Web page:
Pennsylvania Landowner MapsEdit This Page
From FamilySearch Wiki
Ancestor Tracks, whose goal is to become a one-stop portal for researchers trying to pinpoint their PA ancestors, has posted numerous free, downloadable township landowner maps on their site so that researchers can pinpoint where their ancestors lived during the 1850, 1860, and 1870 censuses. They typically also show landowners and locations mentioned in published county hhistories. Scroll down to the map and hover over the colored counties for specific titles of the maps or books, then click on the county to access the free images. In addition to the online images, Ancestor Tracks has published atlases (which are for sale) showing the earliest tracts and their owners for the following counties: Berks, Fayette, Greene, Lancaster, Washington, and Westmoreland. The "Keystone State" may be the most important state in supplying settlers for westward migration. Countless families who started out in Pennsylvania moved west into Ohio and beyond, while thousands more floated down the Ohio River into Kentucky and beyond. Pennsylvania was also the heart of German immigration and migration. Ancestor Tracks has become the most active participant in the effort to uncover and publish Pennsylvania landowner maps of the 18th and 19th centuries.
Here is what is on the site:
- Free, downloadable, high-quality 19th-century maps and atlases for numerous Pennsylvania counties.
- CDs containing the state-wide Pennsylvania Warrant Registers and Pennsylvania Patent Register Indexes located in the Pennsylvania Archives in Harrisburg. These registers, or ledgers, contain all of the indexes for the original sales from the Penns, and later the state, to the first private landowners throughout Pennsylvania. Part of the information in these ledgers for some counties were published in Pennsylvania Archives (Series 3, Volumes 24-26), but the CDs contain the entire set of 67 county indexes, plus 3 registers predating 1733. Please note that after the land passed from government ownership to private ownership, all land transactions were recorded at county courthouses.
- The series of books titled Early Landowners of Pennsylvania: Atlas of Township Warrantee Maps of *** County. Starting in 1907, the Pennsylvania Land Office began to research the original surveys, locating them once and for all on the maps of current townships. These maps show precise metes-and-bounds outlines of each original tract and all surrounding tracts in the township, giving the names of the warrantee and patentee; dates of the warrant, survey, and patent; and the patent book and page of the recorded patent. Dates of the transactions rang e from the 1700s into the 1900s. Using these atlases, researchers of early Pennsylvania settlers can place their families in geographical context.
NOTE: Until now, these Township Warrantee Maps, located in Harrisburg, have been underutilized because the thousands and thousands of names have never been indexed and the maps themselves are too large to work with easily. Ancestor Tracks has solved those problems by compiling all information into 8 ½ X 11” books with everyname indexes. Each County book contains separate chapters for all townships in that county. These include the Township Warrantee Map reduced to a 8 ½ X 11” and tables detailing all information from each tract, along with atlas coordinates where the tract may be found. Numerous footnotes for individual landowners and townships from published county histories have been added. Companion CDs may be ordered containing scans of the Warrantee Township Maps for each county which show far more detail than the 8 ½ X 11" reduced images in the books.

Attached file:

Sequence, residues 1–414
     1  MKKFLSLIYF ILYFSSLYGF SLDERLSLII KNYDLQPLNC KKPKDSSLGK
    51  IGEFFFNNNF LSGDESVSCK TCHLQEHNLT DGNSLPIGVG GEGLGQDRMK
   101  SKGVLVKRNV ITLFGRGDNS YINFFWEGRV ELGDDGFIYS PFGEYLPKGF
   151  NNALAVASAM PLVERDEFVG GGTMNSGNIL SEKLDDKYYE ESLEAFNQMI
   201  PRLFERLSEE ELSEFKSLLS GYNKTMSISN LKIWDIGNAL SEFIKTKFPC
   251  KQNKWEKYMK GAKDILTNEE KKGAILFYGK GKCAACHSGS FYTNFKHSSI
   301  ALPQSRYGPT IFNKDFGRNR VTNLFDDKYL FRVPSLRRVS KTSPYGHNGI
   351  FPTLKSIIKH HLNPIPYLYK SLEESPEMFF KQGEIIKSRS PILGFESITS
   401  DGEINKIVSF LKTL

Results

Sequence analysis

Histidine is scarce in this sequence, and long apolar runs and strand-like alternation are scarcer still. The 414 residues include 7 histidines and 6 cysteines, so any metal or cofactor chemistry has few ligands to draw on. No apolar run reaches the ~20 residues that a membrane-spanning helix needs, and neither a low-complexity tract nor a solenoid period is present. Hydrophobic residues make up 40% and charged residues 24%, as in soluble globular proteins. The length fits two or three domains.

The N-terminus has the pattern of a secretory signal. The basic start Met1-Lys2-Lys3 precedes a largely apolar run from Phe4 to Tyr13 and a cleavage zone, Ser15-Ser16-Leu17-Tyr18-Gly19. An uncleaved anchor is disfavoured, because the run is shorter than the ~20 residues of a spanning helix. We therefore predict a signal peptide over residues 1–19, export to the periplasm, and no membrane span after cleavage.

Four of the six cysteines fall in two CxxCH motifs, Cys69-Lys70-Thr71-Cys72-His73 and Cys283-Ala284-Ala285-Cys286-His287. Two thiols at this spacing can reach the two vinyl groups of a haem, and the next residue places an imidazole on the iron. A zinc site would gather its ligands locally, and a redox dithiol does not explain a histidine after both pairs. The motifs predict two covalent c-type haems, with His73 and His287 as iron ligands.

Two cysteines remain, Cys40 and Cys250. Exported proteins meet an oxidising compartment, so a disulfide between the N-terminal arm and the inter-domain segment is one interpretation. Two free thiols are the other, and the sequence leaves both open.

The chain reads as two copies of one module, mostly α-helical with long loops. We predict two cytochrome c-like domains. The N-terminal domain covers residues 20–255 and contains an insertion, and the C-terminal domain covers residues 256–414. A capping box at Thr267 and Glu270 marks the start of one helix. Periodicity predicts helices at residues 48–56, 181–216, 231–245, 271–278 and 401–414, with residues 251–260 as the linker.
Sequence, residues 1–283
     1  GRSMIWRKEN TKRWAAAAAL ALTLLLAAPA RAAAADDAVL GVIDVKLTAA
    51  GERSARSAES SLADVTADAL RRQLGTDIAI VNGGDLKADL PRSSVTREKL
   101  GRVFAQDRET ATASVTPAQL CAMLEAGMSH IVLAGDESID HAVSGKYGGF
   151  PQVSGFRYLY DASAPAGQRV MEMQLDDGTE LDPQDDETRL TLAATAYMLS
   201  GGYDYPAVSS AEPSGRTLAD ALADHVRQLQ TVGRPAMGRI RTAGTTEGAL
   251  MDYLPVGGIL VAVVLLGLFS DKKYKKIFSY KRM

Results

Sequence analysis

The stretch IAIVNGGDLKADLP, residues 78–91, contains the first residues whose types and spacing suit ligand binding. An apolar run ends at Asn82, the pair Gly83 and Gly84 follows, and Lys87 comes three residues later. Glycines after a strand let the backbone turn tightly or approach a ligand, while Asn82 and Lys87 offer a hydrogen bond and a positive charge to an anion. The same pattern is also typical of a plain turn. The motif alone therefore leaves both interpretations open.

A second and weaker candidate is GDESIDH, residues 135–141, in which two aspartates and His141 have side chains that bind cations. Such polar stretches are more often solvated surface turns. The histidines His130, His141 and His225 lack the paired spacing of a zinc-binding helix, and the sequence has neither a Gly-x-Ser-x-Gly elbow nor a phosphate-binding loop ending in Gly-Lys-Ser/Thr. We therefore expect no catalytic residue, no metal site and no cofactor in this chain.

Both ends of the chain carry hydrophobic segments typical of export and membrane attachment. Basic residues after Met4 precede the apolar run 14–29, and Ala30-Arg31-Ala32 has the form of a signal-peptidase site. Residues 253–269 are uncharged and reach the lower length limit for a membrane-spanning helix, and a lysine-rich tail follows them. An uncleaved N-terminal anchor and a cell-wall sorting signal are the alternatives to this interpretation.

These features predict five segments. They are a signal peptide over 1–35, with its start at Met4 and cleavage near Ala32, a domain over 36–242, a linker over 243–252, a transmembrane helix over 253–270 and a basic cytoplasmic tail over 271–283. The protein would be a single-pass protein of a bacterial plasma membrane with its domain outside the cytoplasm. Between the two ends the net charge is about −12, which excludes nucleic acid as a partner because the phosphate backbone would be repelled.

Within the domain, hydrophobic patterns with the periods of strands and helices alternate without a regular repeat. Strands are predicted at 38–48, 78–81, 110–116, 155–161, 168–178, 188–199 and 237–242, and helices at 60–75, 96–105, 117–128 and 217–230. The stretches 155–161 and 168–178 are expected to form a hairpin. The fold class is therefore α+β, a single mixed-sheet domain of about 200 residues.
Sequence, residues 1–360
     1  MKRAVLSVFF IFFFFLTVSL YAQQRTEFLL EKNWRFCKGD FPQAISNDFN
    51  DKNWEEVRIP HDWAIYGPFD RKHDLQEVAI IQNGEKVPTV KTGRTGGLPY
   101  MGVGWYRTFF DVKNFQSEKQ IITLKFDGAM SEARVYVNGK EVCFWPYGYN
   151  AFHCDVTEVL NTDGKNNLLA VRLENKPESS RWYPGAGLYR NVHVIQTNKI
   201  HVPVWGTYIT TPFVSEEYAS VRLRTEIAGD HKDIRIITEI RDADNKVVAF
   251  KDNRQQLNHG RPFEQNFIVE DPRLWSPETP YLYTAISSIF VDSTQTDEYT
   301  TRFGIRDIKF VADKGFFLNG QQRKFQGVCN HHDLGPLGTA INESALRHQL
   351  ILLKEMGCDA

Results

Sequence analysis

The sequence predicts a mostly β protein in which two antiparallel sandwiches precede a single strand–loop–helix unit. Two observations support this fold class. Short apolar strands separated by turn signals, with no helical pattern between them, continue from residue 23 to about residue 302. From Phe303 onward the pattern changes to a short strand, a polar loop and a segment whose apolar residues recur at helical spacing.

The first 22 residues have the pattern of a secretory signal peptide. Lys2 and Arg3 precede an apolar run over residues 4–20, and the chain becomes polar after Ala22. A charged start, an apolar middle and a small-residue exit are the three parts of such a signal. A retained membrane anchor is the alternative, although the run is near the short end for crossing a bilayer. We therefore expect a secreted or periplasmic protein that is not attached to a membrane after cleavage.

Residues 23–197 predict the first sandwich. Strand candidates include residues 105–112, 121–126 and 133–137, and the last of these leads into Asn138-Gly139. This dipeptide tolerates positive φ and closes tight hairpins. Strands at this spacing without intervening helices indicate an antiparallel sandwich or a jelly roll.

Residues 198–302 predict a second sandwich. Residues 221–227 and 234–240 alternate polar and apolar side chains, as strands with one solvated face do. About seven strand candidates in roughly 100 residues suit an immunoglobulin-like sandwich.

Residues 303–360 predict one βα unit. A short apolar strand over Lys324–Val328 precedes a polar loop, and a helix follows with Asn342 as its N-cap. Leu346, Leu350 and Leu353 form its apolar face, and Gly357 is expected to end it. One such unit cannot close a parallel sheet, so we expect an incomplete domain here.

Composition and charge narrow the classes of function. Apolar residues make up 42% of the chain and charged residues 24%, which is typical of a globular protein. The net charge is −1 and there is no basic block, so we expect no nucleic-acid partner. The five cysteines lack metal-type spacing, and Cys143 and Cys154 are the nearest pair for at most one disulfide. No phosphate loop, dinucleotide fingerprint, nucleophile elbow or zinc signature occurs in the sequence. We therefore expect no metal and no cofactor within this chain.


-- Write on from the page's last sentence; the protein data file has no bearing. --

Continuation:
- Links to other early land tract resources known by Ancestor Tracks but not affiliated with them. Click on the map for all such links.
Armed with these Warrant and Patent Registers, plus the atlases we are publishing, researchers now can:
- Pin families down to exact locations prior to the 1790 census
- Reveal family relationships or clues to possible relationships since relatives usually congregated near one another
- Verify their ancestors by identifying settler groups who lived and moved near each other
- Trace the progression of sets of families and neighbors as they moved in groups
- Determine the correct location of family wills, church records, deeds and orphans court records by knowing exactly where their families lived
- Give flesh to your ancestors by being able to find real historical events, both exciting and mundane, in county histories where they lived
- Plan a trip to the land of their ancestors so they can walk where they walked and feel their roots
- This page was last modified on 3 September 2010, at 21:59.
- This page has been accessed 2,731 times.
Share Your Opinion!
The Community Council Selection Committee is now accepting recommendations for potential council vacancies.Recommendations Page